For any business, employees should be a top concern at all times of the year – but April is Stress Awareness Month, bringing to light the gravity of this kind of physical, mental and emotional collapse. When staff members are overworked, their productivity inevitably suffers, along with their dedication and morale. That translates to more absences, lower quality of work and a higher turnover rate.
Despite increased awareness around the issue, it seems to be worsening. According to HR Morning, a recent study by ComPsych found that 62 percent of employees are experiencing high levels of stress and extreme fatigue. Clearly, it’s time for companies to reassess their definition of burnout and look for ways to prevent it.
However, there’s more than one type of burnout, and each requires a different approach.
1. Obsessed and overwrought
In every business, there are some workaholics that are so driven that they often push themselves a little too hard. These are the Type A personalities who demand a particular level of perfectionism. According to a recent study in the online journal PLOS One, this is the “frenetic” form, and while these workers may be valuable players in certain projects and scenarios, they will eventually burn out.
So how can companies aid these overachievers? Continually assess the workload of staff members – and be wary of those employees who ask for more, as their tenacity may be short-lived and ultimately lead to a crash.
KissMetrics emphasized that it’s crucial to make every team member aware of the definition of his or her role, providing them with a clear outline of the expectations. It’s also important that staff members are equipped with the right resources and training to complete any task that may be asked of them. Do they know who to go to if they have a problem or a question?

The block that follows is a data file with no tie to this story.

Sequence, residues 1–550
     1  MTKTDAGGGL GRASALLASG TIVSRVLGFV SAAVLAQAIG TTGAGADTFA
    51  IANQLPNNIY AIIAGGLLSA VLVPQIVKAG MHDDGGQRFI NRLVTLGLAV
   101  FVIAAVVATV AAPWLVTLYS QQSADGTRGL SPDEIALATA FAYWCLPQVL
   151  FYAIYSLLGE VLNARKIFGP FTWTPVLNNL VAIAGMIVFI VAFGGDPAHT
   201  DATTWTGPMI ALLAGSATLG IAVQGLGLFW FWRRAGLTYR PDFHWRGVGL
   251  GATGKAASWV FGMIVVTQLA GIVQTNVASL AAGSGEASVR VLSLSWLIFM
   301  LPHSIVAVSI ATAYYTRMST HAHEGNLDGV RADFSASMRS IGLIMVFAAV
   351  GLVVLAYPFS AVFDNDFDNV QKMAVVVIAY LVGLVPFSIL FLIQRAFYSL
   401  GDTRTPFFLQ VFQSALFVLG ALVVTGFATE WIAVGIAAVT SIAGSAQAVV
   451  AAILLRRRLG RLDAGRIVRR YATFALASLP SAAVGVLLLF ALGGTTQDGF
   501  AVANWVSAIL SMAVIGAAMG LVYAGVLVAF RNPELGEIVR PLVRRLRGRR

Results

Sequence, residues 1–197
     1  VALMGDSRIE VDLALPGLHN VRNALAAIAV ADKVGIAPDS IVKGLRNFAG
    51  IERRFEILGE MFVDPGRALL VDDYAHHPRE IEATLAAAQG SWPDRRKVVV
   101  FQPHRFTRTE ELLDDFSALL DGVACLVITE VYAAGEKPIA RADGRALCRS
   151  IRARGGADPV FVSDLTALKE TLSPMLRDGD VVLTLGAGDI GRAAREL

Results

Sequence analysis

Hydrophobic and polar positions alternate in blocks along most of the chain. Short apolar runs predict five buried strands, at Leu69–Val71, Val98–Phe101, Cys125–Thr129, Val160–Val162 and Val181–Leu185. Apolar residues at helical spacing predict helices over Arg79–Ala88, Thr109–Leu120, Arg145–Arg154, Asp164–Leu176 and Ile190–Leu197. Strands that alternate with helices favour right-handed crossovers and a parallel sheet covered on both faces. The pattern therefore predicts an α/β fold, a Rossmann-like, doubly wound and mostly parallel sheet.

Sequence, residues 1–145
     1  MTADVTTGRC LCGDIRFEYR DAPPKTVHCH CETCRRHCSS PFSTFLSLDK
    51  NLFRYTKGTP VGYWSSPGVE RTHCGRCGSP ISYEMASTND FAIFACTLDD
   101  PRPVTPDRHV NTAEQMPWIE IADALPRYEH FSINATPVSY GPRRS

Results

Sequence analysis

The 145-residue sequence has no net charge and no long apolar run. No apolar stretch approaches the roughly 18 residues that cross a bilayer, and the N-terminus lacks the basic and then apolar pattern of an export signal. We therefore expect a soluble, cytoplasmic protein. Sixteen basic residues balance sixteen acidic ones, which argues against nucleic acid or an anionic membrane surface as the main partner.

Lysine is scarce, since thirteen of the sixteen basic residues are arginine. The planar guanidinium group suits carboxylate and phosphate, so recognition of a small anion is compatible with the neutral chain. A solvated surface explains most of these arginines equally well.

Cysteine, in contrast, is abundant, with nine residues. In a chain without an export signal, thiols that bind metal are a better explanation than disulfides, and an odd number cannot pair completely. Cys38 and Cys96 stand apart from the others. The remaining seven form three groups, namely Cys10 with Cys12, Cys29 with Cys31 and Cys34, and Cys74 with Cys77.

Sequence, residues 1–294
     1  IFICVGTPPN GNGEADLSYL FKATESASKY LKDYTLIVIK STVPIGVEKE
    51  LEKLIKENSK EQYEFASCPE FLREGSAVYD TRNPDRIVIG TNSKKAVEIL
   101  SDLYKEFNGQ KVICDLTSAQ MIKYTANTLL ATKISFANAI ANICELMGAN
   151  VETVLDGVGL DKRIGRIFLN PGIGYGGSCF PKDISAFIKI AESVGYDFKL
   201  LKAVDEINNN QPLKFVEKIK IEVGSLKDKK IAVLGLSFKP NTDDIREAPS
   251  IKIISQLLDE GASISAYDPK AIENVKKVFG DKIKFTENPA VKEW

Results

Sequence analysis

It might be useful to hold a formal seminar or create online courses on burnout. By providing them with information about the symptoms, you can help staff members to identify the warning signs.
One of the most common types of burnout occurs when an individual is just drained – of energy and motivation. The PLOS One report explained that usually, these employees don’t feel that the level of appreciation is enough to make up for intense work demands.
If an employee is frequently staying late, it may be time to determine whether they’re highly motivated or if they’re overwhelmed. Ensure that assignments aren’t unrealistic, because while it’s good to challenge employees, they shouldn’t feel like they’re striving for the impossible.
It’s imperative to acknowledge every single success that a staff member makes, no matter how small. Conduct regular performance reviews to ensure that deserving employees receive a raise or promotion when appropriate. KissMetrics recommended surprising team members with a bonus or award after they’ve made it through a difficult week or achieved a lofty business goal.
Meanwhile, some staff members aren’t challenged enough – which is why they’re only giving the bare minimum in terms of effort. How can you expect workers to succeed if they’re unfulfilled or bored with their role and see no room for growth? PLOS One noted that under-challenged burnout indicates that something is obviously lacking in a staff member’s day-to-day job responsibilities.
As participation in decision-making is a core element that makes staff members feel valuable and engaged, it’s helpful to get them involved by assigning them a particular area in which they can exercise a little more control over the business.
If you notice that a staff member is especially enthusiastic about a certain project unrelated to their job, consider letting them get involved in another area of the business, or even reshaping their role to fit their talents and passions. KissMetrics recommended enabling employees to work on a side project, which could actually lead to the kind of innovation that benefits a business.